May 27, 2008
My dad was served as a doctor in the war we call the Vietnam war, the war the Vietnamese call The American War. He was there from 1966 to 1967. My dad's Kodachromes—there are hundreds of them—were my first sense of 'the other side of the world'. Many photos are of empty landscapes. There are shots taken from the backs of jeeps. The barracks. A whole roll is devoted to a praying mantis that lived in his dorm.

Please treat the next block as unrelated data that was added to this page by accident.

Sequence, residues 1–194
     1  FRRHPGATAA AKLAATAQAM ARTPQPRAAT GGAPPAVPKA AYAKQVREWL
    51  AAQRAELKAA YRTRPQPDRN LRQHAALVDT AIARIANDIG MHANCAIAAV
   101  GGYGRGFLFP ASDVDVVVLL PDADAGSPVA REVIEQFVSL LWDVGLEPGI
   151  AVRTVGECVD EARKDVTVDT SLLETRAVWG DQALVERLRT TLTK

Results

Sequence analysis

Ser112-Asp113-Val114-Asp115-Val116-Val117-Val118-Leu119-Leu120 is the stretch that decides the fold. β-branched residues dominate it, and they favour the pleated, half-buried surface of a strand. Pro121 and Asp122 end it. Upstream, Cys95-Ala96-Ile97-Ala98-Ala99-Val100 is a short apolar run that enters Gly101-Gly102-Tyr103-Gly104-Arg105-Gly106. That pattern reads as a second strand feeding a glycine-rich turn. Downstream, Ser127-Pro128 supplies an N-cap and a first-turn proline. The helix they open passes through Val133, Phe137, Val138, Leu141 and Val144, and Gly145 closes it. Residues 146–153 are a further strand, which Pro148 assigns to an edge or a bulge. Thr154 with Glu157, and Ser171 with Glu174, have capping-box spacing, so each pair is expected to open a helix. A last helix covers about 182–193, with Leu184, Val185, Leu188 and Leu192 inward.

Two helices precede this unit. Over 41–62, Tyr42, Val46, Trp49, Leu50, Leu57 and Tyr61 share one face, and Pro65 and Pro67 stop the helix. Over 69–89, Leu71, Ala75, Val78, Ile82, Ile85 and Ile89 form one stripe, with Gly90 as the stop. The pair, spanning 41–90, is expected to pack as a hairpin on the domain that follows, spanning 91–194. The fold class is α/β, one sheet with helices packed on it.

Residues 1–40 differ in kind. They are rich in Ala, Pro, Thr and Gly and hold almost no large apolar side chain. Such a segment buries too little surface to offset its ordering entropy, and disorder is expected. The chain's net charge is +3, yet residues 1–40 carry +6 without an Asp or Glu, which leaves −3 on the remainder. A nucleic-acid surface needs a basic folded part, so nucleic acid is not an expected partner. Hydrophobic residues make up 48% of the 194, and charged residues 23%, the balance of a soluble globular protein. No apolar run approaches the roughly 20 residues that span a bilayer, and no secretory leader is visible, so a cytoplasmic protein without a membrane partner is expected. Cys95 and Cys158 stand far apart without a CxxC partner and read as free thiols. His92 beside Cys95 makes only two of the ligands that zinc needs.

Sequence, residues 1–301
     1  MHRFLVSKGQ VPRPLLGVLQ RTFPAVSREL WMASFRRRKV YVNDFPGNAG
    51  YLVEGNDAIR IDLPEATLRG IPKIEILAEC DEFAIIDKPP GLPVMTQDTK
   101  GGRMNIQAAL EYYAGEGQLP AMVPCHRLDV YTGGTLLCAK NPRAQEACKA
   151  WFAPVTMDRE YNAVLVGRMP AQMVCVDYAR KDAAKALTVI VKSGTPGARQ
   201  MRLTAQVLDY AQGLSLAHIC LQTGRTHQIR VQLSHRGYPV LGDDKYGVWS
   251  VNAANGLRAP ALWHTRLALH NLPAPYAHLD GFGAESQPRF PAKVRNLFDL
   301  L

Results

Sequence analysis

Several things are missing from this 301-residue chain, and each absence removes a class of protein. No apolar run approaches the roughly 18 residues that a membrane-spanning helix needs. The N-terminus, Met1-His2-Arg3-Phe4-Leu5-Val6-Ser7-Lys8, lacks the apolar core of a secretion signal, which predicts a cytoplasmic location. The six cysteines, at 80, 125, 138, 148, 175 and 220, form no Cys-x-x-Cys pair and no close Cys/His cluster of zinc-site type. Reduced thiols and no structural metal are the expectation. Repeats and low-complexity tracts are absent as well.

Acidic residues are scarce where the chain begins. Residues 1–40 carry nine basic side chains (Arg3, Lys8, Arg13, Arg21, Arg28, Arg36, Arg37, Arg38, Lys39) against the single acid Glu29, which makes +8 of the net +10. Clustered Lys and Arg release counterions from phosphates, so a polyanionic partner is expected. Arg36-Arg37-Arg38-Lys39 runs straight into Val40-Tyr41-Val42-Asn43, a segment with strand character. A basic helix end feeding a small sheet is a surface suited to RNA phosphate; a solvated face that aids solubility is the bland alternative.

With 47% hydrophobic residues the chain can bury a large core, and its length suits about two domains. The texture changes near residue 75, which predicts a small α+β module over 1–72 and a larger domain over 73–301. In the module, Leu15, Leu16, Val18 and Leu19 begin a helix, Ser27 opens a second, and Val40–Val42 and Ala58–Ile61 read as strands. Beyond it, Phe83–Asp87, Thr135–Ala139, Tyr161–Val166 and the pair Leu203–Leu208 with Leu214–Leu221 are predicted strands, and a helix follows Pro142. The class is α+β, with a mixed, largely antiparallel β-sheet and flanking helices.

There are many shots of red dirt roads and palm trees. The palms and the red dirt must have made some deep psychic impression because during my trips there as a backpacker, my first impression was of a kind of overpowering and almost haunting dejavu. His photos largely turned away from the horrors he experienced. In the year he served more than 6,000 Americans died. 12,000 South Vietnamese died and 61,000 North Vietnamese. More than 30,000 were wounded. The hospital where he worked was one of the busiest in the country. When I was growing up we would sometimes talk about that year during long Texas car rides, but his answers to my questions always seemed like riddles to me. They still do.